Members of the US Senate Committee on Banking, Housing, and Urban Affairs will hear testimony tomorrow regarding S. 1323: the Secure and Fair Enforcement (SAFE) Banking Act, which seeks to normalize relations between state-licensed cannabis businesses and financial institutions. The bill currently has 39 Senate sponsors, including six Republicans and two Independents.
In an op-ed published today in The Hill.com, NORML’s Deputy Director Paul Armentano urges Committee members to prioritize passage of the bill.
“No industry can operate safely, transparently or effectively without access to banks or other financial institutions and it is self-evident that the players in this industry (smaller and minority-owned businesses in particular), and those consumers that are served by it, will remain severely hampered without better access to credit and financing,” he states. “Every day that Congress fails to act endangers the livelihood of these small businesses and their customers, puts local regulators and law enforcement at a disadvantage, and facilitates the activities of unlicensed operators and criminal organizations.”
You can read NORML’s complete written testimony to the Committee here.
Members of the US House of Representatives previously approved the SAFE Banking Act seven times as either a stand-alone bill or as part of broader legislation, but it has never been advanced by the Senate. Attempts by Senate Democrats in the 117th Congress to include the language in a last-minute omnibus spending package were ultimately blocked by Senate Republicans.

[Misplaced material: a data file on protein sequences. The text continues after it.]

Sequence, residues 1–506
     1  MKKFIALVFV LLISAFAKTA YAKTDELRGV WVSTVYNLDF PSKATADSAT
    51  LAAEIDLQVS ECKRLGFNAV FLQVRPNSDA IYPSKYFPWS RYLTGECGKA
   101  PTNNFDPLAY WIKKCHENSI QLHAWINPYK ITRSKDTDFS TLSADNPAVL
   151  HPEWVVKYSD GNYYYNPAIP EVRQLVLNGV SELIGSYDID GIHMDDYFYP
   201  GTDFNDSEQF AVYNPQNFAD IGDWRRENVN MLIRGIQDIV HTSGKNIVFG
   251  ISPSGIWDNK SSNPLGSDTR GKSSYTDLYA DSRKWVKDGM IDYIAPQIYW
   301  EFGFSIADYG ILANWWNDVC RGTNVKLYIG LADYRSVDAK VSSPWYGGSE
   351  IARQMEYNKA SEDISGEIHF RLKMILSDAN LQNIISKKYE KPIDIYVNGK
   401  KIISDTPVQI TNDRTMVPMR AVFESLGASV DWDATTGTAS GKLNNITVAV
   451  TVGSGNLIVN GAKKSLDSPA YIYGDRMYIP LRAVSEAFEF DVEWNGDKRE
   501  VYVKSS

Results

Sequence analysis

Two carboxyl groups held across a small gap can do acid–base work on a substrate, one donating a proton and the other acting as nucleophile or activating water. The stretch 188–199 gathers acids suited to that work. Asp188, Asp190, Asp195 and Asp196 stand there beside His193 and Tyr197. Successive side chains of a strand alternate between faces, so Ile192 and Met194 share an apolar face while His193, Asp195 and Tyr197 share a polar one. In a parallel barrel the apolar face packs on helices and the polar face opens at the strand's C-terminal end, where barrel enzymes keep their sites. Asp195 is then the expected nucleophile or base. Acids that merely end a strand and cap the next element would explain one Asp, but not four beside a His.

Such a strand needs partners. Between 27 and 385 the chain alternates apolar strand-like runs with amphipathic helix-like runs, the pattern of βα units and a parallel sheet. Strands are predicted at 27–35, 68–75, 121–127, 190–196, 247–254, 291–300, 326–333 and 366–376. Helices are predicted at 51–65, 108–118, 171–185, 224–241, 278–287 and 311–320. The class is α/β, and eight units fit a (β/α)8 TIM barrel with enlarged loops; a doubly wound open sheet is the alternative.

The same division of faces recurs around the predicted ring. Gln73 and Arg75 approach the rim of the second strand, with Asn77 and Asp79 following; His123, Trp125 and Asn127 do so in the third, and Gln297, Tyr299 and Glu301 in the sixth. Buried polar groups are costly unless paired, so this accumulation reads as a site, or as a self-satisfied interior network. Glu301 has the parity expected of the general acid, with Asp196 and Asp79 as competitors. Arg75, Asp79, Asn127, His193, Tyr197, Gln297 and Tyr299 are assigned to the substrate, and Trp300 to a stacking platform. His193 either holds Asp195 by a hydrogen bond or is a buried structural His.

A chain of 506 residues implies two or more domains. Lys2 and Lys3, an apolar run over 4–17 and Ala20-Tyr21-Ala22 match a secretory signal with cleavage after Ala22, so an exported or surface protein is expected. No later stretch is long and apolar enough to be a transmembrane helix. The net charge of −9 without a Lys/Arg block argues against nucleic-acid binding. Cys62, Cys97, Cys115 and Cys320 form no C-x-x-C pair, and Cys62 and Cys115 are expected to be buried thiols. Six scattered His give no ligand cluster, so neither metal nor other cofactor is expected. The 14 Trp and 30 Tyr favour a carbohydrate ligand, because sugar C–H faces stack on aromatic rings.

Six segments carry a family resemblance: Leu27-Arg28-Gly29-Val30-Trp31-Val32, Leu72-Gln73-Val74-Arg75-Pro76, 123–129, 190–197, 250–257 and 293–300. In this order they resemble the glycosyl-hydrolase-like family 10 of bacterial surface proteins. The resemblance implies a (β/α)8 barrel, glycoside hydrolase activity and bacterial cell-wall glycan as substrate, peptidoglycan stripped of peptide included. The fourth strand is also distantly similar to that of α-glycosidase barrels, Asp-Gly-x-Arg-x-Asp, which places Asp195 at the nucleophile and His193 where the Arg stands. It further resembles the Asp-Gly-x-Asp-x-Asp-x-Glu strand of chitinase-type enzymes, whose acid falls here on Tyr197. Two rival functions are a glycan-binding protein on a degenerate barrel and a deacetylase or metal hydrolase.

Federal law discourages banks and other financial institutions from maintaining relationships with marijuana-related businesses because the plant remains classified as a Schedule I controlled substance. According to data provided by the US Treasury Department, only about 11 percent of all US banks and about 4 percent of all US credit unions are “actively providing banking services to marijuana-related businesses.” Survey data compiled in February by Whitney Economics reported that over 70 percent of participating cannabis businesses say that the “lack of access to banking or investment capital” is their top challenge.
Over 70 percent of voters, including nearly two-thirds of Republicans, support allowing licensed cannabis businesses to lawfully access US financial systems.
Senate Banking Committee members will debate the bill on Thursday, May 11, at 9:45am. The hearing will be streamed live online.